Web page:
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Using Fiber-Optic Distributed Temperature Sensors to Monitor Ground-Water and Surface-Water Processes and Interaction

J.W. Lane, Jr.

Abstract

A new fiber-optic distributed temperature sensor (FO-DTS) based on laser backscatter technology allows for high-resolution, real-time monitoring of temperature along the entire length of an optical fiber. Commercially available FO-DTS technology can achieve spatial resolution of less than 1 meter and thermal resolution of less than 0.1 degree Celsius, at sub-minute measurement intervals. Measurements are taken along one or more standard or reinforced telecommunications fiber-optic cables, which serve as distributed thermal sensors with hundreds to thousands of data points acquired over lengths up to tens of kilometers.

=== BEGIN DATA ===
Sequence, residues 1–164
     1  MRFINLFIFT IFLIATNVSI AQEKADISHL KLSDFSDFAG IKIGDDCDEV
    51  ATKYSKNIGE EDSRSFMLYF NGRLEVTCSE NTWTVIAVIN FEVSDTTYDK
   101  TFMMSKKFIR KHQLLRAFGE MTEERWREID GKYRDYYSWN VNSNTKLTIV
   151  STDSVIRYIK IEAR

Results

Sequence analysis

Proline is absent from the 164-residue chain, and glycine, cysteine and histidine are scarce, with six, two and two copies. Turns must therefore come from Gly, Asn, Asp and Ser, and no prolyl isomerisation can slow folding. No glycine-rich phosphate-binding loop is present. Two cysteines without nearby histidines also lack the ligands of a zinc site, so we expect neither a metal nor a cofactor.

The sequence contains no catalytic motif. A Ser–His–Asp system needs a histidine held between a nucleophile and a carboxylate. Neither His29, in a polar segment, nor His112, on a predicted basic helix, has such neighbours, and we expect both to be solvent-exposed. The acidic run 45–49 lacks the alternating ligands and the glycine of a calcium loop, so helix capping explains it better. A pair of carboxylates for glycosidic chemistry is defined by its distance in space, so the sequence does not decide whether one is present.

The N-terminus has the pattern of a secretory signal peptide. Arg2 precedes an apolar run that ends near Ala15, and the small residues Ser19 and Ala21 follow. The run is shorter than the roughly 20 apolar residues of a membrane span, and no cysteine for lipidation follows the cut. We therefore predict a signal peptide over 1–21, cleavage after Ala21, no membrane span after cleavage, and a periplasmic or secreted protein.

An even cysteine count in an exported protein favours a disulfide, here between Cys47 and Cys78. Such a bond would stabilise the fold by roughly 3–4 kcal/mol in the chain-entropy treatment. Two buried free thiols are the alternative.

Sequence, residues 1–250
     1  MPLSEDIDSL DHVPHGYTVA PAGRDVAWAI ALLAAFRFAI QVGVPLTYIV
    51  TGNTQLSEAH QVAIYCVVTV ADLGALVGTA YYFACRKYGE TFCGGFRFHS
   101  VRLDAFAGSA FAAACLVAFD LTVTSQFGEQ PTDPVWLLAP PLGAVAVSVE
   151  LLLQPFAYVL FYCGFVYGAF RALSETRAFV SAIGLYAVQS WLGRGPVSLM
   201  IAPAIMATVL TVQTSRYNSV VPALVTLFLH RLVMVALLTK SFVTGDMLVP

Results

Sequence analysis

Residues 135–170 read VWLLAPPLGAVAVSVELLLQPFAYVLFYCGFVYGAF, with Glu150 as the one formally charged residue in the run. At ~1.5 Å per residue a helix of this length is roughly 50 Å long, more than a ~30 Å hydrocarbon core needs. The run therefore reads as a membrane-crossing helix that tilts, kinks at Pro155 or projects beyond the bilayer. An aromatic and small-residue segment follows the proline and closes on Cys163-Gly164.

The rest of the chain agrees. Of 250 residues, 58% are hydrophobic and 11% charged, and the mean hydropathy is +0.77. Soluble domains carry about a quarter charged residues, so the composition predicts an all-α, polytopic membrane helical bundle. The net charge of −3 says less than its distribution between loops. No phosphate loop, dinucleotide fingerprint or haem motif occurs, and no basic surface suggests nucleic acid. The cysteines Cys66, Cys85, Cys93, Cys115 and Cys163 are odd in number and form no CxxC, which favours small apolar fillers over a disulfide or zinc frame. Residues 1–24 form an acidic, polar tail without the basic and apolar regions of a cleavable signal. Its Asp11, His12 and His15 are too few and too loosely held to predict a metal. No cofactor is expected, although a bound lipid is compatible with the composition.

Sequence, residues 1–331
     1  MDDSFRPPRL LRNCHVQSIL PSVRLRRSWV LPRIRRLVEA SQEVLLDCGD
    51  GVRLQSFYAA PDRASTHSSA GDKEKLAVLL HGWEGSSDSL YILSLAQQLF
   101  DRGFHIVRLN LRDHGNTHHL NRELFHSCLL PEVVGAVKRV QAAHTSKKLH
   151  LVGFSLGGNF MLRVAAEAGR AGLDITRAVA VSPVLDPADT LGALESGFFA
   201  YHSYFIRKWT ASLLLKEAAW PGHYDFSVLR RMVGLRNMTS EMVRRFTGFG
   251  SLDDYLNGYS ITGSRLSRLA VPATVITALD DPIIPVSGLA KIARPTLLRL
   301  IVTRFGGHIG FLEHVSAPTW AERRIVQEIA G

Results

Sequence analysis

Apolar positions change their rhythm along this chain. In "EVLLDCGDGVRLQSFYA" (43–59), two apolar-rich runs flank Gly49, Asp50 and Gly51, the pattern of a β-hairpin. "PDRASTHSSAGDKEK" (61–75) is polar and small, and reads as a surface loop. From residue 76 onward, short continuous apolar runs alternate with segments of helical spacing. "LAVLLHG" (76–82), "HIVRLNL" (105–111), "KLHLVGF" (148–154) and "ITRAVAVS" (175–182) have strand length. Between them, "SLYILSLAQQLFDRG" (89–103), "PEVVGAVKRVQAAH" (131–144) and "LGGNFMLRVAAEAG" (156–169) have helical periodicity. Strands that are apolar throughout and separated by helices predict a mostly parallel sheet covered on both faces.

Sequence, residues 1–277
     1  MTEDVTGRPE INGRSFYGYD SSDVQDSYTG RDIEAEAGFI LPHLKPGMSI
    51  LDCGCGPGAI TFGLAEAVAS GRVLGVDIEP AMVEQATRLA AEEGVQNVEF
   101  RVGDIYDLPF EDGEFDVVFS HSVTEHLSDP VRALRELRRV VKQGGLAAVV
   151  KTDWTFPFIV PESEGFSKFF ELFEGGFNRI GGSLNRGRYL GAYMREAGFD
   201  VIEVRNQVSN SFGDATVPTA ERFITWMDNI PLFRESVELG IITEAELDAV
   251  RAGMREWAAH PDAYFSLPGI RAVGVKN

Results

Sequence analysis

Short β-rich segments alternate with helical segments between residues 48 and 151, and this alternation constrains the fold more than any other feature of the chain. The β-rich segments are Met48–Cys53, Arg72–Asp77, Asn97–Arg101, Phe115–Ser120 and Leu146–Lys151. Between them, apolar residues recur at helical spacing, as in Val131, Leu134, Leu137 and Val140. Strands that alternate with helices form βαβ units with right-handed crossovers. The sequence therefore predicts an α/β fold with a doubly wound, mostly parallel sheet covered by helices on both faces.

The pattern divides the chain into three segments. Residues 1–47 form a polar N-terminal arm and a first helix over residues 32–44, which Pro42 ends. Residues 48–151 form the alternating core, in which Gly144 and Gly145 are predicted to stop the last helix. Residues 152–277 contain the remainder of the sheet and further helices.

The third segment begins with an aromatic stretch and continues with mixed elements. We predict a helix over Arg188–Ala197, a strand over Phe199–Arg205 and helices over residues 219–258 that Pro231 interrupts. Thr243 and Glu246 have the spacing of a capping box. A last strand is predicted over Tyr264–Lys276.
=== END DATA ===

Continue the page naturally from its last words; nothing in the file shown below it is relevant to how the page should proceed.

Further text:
In the spring of 2006, the U.S. Geological Survey, Office of Ground Water, Branch of Geophysics began a six-month FO-DTS technology demonstration/evaluation project. Results are presented from several FO-DTS pilot studies, at the 100-meter to kilometer scales. Study goals include mapping submarine ground-water discharge, identification of gaining stream reaches, and inference of transmissive fractures in boreholes. For each project, additional hydrologic, chemical, or geophysical data are used to help confirm interpretations based on the fiber-optic temperature monitoring results.


Final copy as submitted to National Ground Water Association Ground Water Summit for publication as: Lane, J.W., Jr., 2007, Using fiber-optic distributed temperature sensors to monitor ground-water and surface-water processes and interaction [abs.]: NGWA Ground Water Summit, Albuquerque, New Mexico, April 29 - May 30, 2007, Proceedings: Westerville, Ohio, National Ground Water Association.

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